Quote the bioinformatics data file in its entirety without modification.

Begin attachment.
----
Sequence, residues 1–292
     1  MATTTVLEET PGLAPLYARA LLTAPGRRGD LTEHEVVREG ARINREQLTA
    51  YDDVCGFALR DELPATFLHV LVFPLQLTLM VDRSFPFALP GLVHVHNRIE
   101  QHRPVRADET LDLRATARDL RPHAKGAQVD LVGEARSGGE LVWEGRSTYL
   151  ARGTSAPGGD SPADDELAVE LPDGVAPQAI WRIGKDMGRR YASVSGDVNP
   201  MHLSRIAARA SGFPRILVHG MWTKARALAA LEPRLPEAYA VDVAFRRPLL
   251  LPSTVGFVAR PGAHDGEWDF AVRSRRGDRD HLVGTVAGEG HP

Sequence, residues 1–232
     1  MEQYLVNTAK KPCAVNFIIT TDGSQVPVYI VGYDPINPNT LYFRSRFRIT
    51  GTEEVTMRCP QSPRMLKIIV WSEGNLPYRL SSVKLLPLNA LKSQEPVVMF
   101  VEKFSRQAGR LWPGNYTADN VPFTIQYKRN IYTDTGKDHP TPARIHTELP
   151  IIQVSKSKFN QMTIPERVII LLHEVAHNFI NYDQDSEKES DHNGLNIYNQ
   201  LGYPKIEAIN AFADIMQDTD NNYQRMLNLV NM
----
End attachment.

Sequence, residues 1–292
     1  MATTTVLEET PGLAPLYARA LLTAPGRRGD LTEHEVVREG ARINREQLTA
    51  YDDVCGFALR DELPATFLHV LVFPLQLTLM VDRSFPFALP GLVHVHNRIE
   101  QHRPVRADET LDLRATARDL RPHAKGAQVD LVGEARSGGE LVWEGRSTYL
   151  ARGTSAPGGD SPADDELAVE LPDGVAPQAI WRIGKDMGRR YASVSGDVNP
   201  MHLSRIAARA SGFPRILVHG MWTKARALAA LEPRLPEAYA VDVAFRRPLL
   251  LPSTVGFVAR PGAHDGEWDF AVRSRRGDRD HLVGTVAGEG HP

Sequence, residues 1–232
     1  MEQYLVNTAK KPCAVNFIIT TDGSQVPVYI VGYDPINPNT LYFRSRFRIT
    51  GTEEVTMRCP QSPRMLKIIV WSEGNLPYRL SSVKLLPLNA LKSQEPVVMF
   101  VEKFSRQAGR LWPGNYTADN VPFTIQYKRN IYTDTGKDHP TPARIHTELP
   151  IIQVSKSKFN QMTIPERVII LLHEVAHNFI NYDQDSEKES DHNGLNIYNQ
   201  LGYPKIEAIN AFADIMQDTD NNYQRMLNLV NM